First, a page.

Only an hour and a half away from the bustling Malawian capital Lilongwe, is the regional district of Salima. If you search through its streets full of traders, craftsmen and haphazard bicycle taxis you’ll find the Salima branch of Environment Africa...our home for the next seven and a half weeks! Our team of ICS volunteers consists of five UK members (Elle, John, Holly, Mike, Mungo) and three local members (Brian, Sam, Mphatso).

During our first week at EA we’ve been introduced to the structure, workings and current projects of EA Salima. Environment Africa was founded in 2001, and is rooted in a long running campaign to raise awareness for endangered African species. Zimbabwe based, it has since expanded throughout southern Africa to include Malawi, Mozambique and Zambia. EA now focuses on key areas such as sustainable livelihoods, climate change and biodiversity. Its Salima office has three current ongoing regional projects relating to these key areas, all of which have a heavy focus on achieving progress through community consultation, community involvement and consequently community empowerment.

This route to community empowerment gives people a sense of ownership over a project. Without this sense of ownership many projects are doomed to fail once the NGO departs. This’ll be the focus of the first blog, as one of our experiences so far has been exceedingly relevant to this! We’ve visited two solar irrigation projects, constructed by another NGO in 2009. They were inherited in 2012 by EA in an attempt to salvage something from the projects.

Inspecting an irrigation site

In both sites the same system is used, but at the first site it hasn’t been implemented well. I’ll avoid trying to explain its shortcomings and just say that the system is flawed. In effect the water is being pumped directly from the borehole, and out through a pipe which is used by the villagers for everyday domestic tasks. This circumnavigates the entire irrigation system, comprised of a huge storage tank and brick lined irrigation channels across 5 acres, making it redundant! There is still water being pumped constantly during daylight hours, but strangely none of it is being used for agriculture.

Which brings me to my point: the villagers seem completely disconnected from the project. This lack of interest is unsurprising given the way the NGO who formally managed the project approached the village. The villagers weren’t consulted, they didn’t contribute to the construction and most importantly they weren’t asked what they wanted. They felt marginalised, had no input and weren’t given ownership. The fact that none of the water available is being used for agriculture is proof of this.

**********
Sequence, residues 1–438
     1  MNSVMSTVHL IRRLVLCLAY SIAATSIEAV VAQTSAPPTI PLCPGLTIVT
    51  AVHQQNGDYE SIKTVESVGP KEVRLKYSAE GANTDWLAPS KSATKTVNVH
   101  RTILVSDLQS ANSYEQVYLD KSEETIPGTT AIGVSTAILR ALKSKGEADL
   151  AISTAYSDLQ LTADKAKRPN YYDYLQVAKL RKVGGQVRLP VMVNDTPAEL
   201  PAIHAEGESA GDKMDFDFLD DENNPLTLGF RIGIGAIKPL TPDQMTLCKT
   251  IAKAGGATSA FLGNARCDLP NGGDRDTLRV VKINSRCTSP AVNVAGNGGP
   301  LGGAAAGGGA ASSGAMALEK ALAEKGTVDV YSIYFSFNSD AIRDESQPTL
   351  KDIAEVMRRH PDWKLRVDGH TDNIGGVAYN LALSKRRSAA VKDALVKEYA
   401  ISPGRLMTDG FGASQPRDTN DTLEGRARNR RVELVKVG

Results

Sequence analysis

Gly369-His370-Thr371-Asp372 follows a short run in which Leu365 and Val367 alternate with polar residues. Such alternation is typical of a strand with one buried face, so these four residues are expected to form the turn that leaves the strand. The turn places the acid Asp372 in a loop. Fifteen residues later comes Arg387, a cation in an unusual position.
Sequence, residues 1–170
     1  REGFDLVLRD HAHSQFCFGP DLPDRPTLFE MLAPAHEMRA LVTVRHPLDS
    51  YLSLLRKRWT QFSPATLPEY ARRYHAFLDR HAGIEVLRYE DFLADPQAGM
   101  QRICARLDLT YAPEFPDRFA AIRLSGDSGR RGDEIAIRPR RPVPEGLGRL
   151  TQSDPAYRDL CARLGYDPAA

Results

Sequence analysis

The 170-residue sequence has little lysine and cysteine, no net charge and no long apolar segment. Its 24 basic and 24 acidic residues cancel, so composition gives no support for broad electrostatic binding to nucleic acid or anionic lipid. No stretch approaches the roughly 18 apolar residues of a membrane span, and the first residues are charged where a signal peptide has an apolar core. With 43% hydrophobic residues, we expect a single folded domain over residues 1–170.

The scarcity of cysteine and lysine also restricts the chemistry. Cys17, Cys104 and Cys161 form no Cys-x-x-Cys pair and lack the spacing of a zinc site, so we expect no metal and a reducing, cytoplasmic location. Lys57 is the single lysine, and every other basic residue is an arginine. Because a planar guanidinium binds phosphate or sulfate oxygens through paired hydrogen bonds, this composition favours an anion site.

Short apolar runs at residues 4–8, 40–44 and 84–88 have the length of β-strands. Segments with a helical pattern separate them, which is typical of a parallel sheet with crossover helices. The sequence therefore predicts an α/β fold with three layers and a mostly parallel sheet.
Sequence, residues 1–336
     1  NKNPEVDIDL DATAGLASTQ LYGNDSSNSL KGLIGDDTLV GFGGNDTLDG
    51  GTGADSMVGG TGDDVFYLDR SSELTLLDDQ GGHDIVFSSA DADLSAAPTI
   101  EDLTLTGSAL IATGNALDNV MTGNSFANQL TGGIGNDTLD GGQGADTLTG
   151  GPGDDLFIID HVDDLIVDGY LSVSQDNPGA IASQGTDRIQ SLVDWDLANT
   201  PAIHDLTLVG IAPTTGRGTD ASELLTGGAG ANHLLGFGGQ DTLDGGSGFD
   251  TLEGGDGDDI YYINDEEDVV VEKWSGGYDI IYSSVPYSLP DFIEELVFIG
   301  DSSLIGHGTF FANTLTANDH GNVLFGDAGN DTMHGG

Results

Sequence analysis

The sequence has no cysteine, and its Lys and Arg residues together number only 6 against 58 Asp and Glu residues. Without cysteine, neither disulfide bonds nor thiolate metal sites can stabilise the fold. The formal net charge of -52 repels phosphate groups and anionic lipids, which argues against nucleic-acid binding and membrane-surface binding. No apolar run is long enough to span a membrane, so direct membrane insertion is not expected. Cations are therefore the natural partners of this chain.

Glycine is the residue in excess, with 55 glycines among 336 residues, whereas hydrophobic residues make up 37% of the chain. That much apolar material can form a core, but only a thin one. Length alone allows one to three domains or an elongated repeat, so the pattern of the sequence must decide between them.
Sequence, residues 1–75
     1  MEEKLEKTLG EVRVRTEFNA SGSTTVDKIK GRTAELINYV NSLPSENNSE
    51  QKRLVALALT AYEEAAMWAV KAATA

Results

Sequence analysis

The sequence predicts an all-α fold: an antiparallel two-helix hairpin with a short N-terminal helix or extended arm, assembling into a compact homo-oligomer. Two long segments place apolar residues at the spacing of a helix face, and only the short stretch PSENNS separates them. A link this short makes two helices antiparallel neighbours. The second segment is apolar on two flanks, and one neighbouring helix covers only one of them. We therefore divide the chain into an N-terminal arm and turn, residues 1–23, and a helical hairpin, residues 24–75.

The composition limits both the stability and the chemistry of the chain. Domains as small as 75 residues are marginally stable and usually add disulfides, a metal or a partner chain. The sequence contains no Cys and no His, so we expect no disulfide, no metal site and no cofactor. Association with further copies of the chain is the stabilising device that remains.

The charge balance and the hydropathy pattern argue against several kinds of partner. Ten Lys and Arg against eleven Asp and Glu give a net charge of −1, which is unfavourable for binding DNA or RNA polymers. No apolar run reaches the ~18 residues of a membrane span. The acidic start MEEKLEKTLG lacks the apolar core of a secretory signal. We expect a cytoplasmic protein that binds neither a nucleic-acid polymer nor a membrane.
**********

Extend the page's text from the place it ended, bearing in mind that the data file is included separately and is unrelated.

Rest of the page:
There are other problems EA have faced whilst trying to engage with the community, many of which are to do with the history of how things there have been handled. I’ve barely scratched the surface in discussing them but for the sake of time we’ll move onto the second site.

The second site has been more successful; but the amount of land watered by the solar system is not as large as expected. However here the villagers are more engaged, and have responded to EA consultations. They’ve told EA that not enough water is being produced by the solar pump alone, and with guidance they have taken it upon themselves to construct shallow wells from which watering cans can be filled. The villagers also voiced concern over the sustainability of the solar system, which contains expensive components which they do not have the funds to replace (remember they weren’t consulted when this system was implemented). The villages have therefore requested a treadle pump which can be used to pump water manually from the shallow wells, a more sustainable method. EA have agreed to supply three of these, as well as deepen and line the shallow wells already constructed by the villagers.

This first entry has all been rather doom and gloom, but we’ve learned some valuable lessons from our time visiting these sites. Development works best when you work in partnership with the local community; when you listen to the wants and needs of the community; and when you involve the community to give them ownership over a project. I’d like to thank EA for showing us these sites, and hope that efforts made to reconnect the community with these projects are a success.

As a team we look forward to working with EA with a community minded approach!

Mungo Nash Progressio ICS volunteer in Malawi

Photos: Michael Dorrington 1: Volunteers helping make nsima 2: Inspecting a failed irrigation site